Led by Dr. Zahoor A. Shah, Dr. Shadia E. Nada and Jatin Tulsulkar (graduate student), researchers at the University of Toledo, Toledo, OH, have discovered that mice treated with Ginkgo biloba 4 hours after inducing experimental stroke and then daily for seven days had improved recovery and less brain damage than the control mice. It was also observed that Ginkgo biloba-treated mice had enhanced neurogenesis, partly due to the increased protein expression of hemeoxygenase 1, an antioxidant gene that also has a role in neurogenesis. Pertinently, mice lacking the hemeoxygenase 1 gene were observed to have reduced neurogenesis after stroke.
Besides prevention, improving recovery following a stroke should become the prime focus of current stroke research. We now know that neurogenesis is not only an ongoing process in adults, but can also be induced by pathological conditions like traumatic brain injury and ischemic stroke, and strategies that promote endogenous neurogenesis as part of repair and regeneration process should be prioritized. Neurogenesis in the adult brain involves not only the proliferation and migration of precursor cells known as stem cells/neural progenitor cells (NSCs) but also their functional integration into the neural network. Ischemia, though a potent inducer of proliferation and migration of NSCs, does not provide an environment conducive to their survival, differentiation and integration, and creating an environment with exogenous drugs is paramount to improving the number of NSCs that can result in improved brain repair and regeneration.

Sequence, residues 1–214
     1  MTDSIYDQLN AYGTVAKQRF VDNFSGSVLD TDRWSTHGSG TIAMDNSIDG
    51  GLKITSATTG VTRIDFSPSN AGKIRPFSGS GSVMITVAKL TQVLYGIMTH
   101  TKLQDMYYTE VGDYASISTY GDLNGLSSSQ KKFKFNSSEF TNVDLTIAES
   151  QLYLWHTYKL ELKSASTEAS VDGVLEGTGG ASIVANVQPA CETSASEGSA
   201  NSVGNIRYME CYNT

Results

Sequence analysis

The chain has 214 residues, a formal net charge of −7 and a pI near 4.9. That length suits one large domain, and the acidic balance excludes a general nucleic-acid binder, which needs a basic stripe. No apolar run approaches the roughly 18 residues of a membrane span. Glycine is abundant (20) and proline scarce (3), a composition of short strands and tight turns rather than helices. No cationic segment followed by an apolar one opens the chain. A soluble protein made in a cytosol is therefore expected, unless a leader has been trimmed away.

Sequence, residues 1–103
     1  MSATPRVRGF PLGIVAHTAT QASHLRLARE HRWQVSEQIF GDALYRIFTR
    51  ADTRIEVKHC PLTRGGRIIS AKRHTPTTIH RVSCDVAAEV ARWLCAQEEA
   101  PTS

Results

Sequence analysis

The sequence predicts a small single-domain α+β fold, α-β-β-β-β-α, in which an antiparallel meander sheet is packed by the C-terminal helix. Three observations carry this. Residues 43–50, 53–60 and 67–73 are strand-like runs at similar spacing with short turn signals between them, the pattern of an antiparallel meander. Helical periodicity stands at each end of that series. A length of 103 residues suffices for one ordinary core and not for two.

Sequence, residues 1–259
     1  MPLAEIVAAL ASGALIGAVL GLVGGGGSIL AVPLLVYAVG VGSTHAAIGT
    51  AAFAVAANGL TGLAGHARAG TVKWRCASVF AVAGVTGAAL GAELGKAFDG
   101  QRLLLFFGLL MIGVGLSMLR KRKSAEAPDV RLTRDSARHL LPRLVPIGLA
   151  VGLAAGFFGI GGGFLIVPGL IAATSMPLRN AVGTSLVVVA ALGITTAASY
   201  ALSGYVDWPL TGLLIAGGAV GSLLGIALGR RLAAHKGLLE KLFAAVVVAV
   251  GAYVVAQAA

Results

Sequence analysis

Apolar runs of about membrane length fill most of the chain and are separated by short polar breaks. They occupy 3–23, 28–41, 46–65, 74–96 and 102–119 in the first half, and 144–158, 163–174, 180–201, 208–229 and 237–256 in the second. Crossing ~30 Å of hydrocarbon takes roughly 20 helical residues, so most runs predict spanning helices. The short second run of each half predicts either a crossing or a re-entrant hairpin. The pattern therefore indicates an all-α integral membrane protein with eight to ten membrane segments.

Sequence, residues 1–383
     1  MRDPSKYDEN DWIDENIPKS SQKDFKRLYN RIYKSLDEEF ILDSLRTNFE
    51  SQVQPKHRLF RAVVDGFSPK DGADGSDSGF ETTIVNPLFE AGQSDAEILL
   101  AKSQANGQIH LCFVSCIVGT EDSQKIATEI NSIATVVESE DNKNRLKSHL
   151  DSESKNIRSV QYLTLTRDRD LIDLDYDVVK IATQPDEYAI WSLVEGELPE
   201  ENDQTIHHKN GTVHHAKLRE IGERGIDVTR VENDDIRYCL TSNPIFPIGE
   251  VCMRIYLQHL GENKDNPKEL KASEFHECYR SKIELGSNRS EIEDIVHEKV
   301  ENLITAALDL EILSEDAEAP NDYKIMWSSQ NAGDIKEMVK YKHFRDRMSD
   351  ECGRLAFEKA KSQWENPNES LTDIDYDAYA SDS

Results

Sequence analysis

The study, first reported in Molecular Neurobiology (Vol. 49, 2014) and then reviewed in Neural Regeneration Research (Vol. 9, No.11, 2014), confirmed that Ginkgo biloba, in addition to its antioxidant, neuritogenic and angiogenic properties, provides a conducive environment for the survival and functional integration of NSCs into neural system.
"Controversies and other ethical issues related to stem cell therapies make drug-induced enhanced neurogenesis a promising treatment strategy," stressed senior author Zahoor A. Shah. "Besides one documented clinical trial recommending the use of Ginkgo biloba after ischemic stroke, further high quality and large-scale randomized controlled trials are warranted to test its efficacy in stroke recovery" he said.